term vision is that the glue between these devices will be the cloud. The cloud is in a way empowering the wearables revolution now,” he said. Foldesi also has a reason why he thinks lifestyle brands will play an important role in this segment. “The closer it is to the body, the more personal it will become and the more people will see it as an expression of who they are.” This is why Intel has gone ahead and announced a number of different collaborations with the fashion industry.
But while there is no doubt as to whether wearables will revolutionise computing, Intel is not looking at it as something that will end the use of either smartphones, tablets or PCs. “I think it is going to be a new compute paradigm. It is too early to tell how the market will progress, but we will see new usage models that are not available now on other devices. Our goal is to provide the tools and give entrepreneurs the ingredients to unleash their productivity.”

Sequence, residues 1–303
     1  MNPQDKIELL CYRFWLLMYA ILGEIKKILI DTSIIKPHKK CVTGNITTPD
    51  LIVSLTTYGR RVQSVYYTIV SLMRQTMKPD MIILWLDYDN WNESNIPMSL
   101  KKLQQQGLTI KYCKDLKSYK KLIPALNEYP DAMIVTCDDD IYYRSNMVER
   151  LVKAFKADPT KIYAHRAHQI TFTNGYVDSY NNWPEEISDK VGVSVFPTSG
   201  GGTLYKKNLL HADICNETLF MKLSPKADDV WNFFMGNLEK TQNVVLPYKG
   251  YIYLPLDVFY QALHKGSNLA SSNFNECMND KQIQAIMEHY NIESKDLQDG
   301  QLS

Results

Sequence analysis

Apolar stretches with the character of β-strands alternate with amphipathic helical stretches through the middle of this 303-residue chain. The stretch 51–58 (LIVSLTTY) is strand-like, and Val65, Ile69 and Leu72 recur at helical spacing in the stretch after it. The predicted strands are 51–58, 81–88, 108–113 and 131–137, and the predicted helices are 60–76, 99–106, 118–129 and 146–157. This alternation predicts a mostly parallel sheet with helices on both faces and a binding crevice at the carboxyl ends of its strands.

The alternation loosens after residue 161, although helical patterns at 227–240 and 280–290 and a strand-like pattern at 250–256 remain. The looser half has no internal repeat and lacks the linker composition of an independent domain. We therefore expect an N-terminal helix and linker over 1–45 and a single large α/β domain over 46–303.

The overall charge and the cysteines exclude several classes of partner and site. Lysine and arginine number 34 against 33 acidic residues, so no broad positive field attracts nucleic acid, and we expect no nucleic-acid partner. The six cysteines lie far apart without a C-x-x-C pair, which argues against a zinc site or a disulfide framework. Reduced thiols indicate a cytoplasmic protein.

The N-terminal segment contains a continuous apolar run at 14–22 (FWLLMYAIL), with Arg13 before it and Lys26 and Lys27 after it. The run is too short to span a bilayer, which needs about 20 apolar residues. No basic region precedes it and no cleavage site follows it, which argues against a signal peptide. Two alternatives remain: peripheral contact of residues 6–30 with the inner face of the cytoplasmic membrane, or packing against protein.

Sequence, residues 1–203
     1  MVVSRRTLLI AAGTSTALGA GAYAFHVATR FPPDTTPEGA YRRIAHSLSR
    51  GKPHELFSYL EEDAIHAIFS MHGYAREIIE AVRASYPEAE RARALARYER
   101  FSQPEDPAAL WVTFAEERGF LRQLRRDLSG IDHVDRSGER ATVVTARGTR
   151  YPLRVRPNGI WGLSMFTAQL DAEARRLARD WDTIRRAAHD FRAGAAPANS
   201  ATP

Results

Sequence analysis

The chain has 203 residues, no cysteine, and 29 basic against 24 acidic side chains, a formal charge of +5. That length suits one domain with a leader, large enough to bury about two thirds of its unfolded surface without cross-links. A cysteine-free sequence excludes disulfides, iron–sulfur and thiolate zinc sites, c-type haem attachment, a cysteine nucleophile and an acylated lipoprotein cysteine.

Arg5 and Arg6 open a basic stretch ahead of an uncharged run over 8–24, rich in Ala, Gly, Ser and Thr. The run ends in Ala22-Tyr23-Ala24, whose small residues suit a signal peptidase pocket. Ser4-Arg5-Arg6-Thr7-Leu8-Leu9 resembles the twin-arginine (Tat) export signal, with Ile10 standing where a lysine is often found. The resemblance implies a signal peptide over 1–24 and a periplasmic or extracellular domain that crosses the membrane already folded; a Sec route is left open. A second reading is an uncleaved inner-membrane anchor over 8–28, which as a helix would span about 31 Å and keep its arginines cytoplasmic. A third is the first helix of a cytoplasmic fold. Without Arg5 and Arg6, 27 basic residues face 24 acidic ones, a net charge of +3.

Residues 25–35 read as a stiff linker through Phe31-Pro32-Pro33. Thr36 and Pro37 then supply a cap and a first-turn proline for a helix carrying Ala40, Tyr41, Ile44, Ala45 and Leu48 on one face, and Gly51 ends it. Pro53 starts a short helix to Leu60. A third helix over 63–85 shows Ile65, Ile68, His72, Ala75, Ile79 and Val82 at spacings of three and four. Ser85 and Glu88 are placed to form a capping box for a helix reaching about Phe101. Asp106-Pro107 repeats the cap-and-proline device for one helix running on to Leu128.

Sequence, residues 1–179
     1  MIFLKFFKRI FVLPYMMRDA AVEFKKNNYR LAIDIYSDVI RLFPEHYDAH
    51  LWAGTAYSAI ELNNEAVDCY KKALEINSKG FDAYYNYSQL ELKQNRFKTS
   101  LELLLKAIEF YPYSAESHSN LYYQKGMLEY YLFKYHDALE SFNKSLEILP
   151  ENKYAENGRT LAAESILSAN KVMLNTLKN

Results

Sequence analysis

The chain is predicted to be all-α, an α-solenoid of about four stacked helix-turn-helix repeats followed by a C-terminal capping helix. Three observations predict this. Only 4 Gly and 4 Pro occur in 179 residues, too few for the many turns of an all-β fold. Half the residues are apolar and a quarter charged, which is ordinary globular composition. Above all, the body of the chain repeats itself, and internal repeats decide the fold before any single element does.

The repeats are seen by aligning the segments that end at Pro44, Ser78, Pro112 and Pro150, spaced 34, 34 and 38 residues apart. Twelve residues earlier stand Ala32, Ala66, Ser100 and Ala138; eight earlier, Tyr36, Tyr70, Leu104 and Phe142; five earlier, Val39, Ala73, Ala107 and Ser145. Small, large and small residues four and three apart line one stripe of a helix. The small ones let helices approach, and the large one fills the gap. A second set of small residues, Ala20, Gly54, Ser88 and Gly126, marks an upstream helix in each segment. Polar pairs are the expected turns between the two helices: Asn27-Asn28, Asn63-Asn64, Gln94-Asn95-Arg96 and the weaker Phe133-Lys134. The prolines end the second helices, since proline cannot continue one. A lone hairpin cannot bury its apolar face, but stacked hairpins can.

Galileo and Edison
Intel has created two different development boards to empower the maker community and hobbyists working on wearable devices. Galileo is primarily targeted at hobbyists and education institutions and has a very simple programming interface to help innovation in this space. Intel is donating 50,000 of these boards to universities worldwide.
Edison, in contrast, is a much smaller form factor but a very powerful solution targeted at the professional maker community and entrepreneurs. To kickstart innovation, Intel has announced a Make It Wearable challenge with a visionary track and a build it track. The 10 finalists will each get a $50,000 grant and significant executive mentoring to get their idea off the block.
The grand prize winner will get $5,00,000.